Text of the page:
I strongly urge concerned citizens to become more informed on this issue, to support the organizations that are fighting for sound forest management, and respectfully express your urgent opposition to HB 3072 directly to the legislators. According to sources in the state capital, this bill will get a hearing and has a high likelihood of passing in Oregon’s House of Representatives. You can help change that by writing letters and making phone calls to the Representatives listed below.
Our fight for the Tillamook will take staying power. This is the first of many rounds. So let’s all use this round to learn the process and do our best, knowing that we will have to act many more times in the coming months and years to secure protection for the forest and rivers we love.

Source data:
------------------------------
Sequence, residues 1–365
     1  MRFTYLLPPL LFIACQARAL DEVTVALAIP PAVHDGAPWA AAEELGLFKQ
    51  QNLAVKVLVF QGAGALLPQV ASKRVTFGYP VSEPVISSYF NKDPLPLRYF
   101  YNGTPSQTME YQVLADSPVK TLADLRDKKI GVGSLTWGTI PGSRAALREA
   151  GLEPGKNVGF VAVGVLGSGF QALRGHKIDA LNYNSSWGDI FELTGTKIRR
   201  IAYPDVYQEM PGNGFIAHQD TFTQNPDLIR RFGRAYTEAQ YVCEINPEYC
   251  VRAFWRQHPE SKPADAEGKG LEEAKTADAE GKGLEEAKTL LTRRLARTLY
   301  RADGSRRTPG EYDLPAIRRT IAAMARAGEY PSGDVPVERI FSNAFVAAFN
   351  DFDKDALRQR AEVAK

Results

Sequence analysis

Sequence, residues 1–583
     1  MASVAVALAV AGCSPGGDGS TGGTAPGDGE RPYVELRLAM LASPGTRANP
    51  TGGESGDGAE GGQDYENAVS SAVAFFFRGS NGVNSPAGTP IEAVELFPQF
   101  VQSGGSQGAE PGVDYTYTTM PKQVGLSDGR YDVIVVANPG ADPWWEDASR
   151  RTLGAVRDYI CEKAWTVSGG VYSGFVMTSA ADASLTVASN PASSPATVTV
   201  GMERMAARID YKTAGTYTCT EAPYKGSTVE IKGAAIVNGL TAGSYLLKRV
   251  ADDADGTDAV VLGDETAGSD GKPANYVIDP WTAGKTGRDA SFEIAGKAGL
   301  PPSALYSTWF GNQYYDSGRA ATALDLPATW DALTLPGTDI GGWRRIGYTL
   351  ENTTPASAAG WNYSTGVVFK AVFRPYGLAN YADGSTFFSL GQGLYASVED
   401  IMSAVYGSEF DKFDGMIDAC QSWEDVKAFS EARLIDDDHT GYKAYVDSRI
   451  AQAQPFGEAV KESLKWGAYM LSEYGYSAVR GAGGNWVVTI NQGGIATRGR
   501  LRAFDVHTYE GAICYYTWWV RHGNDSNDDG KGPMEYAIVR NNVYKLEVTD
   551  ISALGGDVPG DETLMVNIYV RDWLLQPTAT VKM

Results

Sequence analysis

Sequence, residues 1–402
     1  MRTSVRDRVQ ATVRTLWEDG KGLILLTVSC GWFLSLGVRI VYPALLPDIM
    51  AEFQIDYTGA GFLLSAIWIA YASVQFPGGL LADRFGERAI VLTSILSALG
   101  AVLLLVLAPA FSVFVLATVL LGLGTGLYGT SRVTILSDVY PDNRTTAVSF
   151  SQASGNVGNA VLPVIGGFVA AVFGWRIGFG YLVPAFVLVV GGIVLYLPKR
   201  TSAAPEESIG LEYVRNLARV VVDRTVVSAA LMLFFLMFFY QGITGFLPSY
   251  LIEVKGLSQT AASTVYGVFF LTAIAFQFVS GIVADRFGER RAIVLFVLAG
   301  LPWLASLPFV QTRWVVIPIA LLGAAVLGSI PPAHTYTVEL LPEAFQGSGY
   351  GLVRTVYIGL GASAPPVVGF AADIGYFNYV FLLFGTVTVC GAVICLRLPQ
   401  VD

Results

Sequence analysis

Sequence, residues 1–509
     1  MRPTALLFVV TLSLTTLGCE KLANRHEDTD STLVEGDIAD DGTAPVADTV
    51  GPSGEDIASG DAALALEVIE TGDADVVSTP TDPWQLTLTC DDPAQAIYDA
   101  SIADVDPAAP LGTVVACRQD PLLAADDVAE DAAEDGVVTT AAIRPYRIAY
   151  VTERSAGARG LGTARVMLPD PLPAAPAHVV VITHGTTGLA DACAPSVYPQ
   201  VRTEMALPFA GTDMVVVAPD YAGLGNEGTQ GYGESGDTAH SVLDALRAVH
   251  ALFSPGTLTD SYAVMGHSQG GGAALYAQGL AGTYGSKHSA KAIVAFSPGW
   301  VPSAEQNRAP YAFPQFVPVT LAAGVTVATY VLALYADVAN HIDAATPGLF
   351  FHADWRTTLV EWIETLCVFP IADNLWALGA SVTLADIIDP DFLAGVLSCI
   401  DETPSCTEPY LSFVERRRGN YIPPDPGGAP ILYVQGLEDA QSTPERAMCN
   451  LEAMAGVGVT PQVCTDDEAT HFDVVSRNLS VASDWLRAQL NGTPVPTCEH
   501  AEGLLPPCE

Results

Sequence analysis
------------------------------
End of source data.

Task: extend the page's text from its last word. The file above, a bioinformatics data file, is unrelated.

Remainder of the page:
Below is a road map to start that journey.
And stay tuned for more installments of Tillamook County Chronicles. Next time: Wild Steelhead of the Tillamook
Please write letters and/or emails to these members of the Agriculture, Natural Resources and Rural Communities Committee (general districts in parentheses):
Brian Clem, chair (Salem)
Arnie Roblan, past chair (Coos Bay)
IMPORTANT: all emails to the above should include a cc: to the Committee Administrator, Beth Patrino
Learn more by clicking on these links:
Thank you, Rob Russell